This command, specifically designed for imported models with no history, enables cylindrical cutouts to be automatically identified and re-defined as synchronous procedural hole features. It is available in the Part, Sheet Metal and Assembly environment. The user simply has to select the command and select the model. Holes are automatically recognized and displayed in the Hole Recognition dialog.


     




    Hole types and sizes are grouped together automatically.


     


    A user can choose not to recognize a cylindrical feature as a hole by toggling off the check mark for the feature.



    Within the dialog, you can rename the hole features, by double clicking on the default feature name. You can also redefine the hole feature, by applying saved settings or by using the hole options dialog.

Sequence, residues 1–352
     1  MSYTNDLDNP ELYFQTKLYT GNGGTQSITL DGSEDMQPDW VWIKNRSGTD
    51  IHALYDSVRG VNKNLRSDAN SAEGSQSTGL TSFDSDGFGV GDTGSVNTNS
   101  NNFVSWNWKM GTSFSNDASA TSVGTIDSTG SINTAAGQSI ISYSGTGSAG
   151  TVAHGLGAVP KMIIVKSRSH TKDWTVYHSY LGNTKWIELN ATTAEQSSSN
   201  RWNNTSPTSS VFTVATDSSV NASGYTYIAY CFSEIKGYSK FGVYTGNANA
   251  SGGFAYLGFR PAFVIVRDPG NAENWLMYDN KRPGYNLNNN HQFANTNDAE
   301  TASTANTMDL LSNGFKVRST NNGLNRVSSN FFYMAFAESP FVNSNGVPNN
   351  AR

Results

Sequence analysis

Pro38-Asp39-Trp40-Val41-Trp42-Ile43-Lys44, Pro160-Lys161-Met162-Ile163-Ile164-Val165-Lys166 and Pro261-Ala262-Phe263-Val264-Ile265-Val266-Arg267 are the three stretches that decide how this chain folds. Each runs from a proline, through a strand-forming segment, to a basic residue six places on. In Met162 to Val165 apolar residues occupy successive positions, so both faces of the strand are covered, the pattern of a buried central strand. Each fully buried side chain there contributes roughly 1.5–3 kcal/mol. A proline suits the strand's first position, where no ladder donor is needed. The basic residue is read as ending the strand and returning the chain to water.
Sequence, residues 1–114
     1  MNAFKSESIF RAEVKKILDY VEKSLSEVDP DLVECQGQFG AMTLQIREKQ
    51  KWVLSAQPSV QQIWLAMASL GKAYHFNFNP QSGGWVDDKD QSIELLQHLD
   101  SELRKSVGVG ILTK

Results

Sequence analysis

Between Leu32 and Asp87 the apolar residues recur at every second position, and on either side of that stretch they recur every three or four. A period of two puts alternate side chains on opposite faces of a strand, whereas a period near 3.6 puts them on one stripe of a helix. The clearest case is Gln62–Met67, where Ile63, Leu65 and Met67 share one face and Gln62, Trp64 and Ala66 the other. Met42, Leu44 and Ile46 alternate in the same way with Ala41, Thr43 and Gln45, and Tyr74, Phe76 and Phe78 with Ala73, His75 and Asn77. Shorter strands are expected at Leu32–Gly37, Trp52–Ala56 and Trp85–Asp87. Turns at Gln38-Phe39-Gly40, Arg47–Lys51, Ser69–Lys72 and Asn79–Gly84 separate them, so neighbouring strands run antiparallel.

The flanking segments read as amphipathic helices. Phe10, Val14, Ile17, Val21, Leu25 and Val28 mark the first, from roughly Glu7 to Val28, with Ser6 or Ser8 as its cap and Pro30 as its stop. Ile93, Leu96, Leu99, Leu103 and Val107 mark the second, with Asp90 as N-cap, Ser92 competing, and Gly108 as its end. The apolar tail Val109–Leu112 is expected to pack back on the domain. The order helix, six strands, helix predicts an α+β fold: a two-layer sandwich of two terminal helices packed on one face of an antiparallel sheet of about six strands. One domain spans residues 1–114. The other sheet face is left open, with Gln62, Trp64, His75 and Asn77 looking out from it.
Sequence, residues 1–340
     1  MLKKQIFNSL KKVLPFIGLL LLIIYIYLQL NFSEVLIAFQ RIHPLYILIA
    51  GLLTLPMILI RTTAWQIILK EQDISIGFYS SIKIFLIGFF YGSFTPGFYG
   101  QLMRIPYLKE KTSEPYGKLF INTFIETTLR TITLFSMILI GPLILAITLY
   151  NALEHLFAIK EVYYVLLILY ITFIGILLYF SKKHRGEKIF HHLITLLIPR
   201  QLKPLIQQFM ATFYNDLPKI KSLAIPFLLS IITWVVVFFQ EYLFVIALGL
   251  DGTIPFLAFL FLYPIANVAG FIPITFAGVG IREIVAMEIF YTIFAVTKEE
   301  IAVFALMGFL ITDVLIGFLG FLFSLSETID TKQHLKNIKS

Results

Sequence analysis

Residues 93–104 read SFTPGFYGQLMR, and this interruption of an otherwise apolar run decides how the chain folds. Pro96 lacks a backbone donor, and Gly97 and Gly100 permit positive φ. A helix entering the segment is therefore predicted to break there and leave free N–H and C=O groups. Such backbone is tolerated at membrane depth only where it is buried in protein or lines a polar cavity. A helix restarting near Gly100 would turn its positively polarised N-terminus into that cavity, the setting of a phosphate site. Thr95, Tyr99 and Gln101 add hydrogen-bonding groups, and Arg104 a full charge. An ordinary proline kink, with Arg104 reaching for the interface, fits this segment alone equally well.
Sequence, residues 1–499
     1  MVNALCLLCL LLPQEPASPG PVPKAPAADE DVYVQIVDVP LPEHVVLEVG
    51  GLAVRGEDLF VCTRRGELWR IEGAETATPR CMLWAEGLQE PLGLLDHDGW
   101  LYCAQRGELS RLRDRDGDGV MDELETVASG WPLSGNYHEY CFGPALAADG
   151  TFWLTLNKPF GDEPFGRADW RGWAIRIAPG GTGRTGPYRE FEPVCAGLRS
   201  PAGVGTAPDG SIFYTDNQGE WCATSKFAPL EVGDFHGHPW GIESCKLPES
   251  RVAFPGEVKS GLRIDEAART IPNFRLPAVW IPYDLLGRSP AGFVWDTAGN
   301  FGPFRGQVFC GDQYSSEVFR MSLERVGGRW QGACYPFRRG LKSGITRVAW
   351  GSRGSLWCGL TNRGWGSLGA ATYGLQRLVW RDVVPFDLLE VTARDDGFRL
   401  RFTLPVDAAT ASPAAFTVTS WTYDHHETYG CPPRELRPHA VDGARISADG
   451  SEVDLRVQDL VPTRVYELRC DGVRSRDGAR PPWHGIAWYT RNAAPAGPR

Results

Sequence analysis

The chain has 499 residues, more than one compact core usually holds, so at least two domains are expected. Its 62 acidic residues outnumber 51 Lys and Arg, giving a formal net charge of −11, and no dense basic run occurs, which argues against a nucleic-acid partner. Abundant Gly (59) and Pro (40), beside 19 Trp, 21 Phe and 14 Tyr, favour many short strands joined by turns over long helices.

Once the user selects OK, to accept the hole options change, a preview of the new hole parameters is shown on the model. The user then selects OK, in the Hole Recognition dialog, to accept the change.



    The user can use the Face Selection option to recognize holes only on selected faces.




    Pre-selection of a face, or faces, is also supported. You can select a face, or faces, and then run the Recognize Holes command, to perform recognition on only the selected face(s).



    The Hole Recognition command allows users to add intelligent synchronous procedural hole features to imported models. Because it’s a hole feature, it also recognizes the user defined pattern created in all hole features, which can be used for rapid placement of bolts or screws in the assembly.